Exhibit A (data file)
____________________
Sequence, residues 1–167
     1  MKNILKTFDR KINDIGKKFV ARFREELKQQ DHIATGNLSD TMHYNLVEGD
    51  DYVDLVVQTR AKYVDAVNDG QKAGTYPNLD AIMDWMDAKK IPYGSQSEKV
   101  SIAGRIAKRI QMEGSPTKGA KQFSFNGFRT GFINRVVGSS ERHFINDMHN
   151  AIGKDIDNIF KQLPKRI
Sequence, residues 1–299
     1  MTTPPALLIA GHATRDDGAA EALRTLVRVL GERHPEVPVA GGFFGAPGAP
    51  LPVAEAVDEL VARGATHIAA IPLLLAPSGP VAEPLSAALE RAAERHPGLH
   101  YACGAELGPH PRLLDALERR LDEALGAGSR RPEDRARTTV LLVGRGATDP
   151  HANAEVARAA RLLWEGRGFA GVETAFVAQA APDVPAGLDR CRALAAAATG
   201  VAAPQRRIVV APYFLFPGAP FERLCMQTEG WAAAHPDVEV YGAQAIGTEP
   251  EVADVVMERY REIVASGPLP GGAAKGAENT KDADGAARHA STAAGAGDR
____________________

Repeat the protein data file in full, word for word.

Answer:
Sequence, residues 1–167
     1  MKNILKTFDR KINDIGKKFV ARFREELKQQ DHIATGNLSD TMHYNLVEGD
    51  DYVDLVVQTR AKYVDAVNDG QKAGTYPNLD AIMDWMDAKK IPYGSQSEKV
   101  SIAGRIAKRI QMEGSPTKGA KQFSFNGFRT GFINRVVGSS ERHFINDMHN
   151  AIGKDIDNIF KQLPKRI
Sequence, residues 1–299
     1  MTTPPALLIA GHATRDDGAA EALRTLVRVL GERHPEVPVA GGFFGAPGAP
    51  LPVAEAVDEL VARGATHIAA IPLLLAPSGP VAEPLSAALE RAAERHPGLH
   101  YACGAELGPH PRLLDALERR LDEALGAGSR RPEDRARTTV LLVGRGATDP
   151  HANAEVARAA RLLWEGRGFA GVETAFVAQA APDVPAGLDR CRALAAAATG
   201  VAAPQRRIVV APYFLFPGAP FERLCMQTEG WAAAHPDVEV YGAQAIGTEP
   251  EVADVVMERY REIVASGPLP GGAAKGAENT KDADGAARHA STAAGAGDR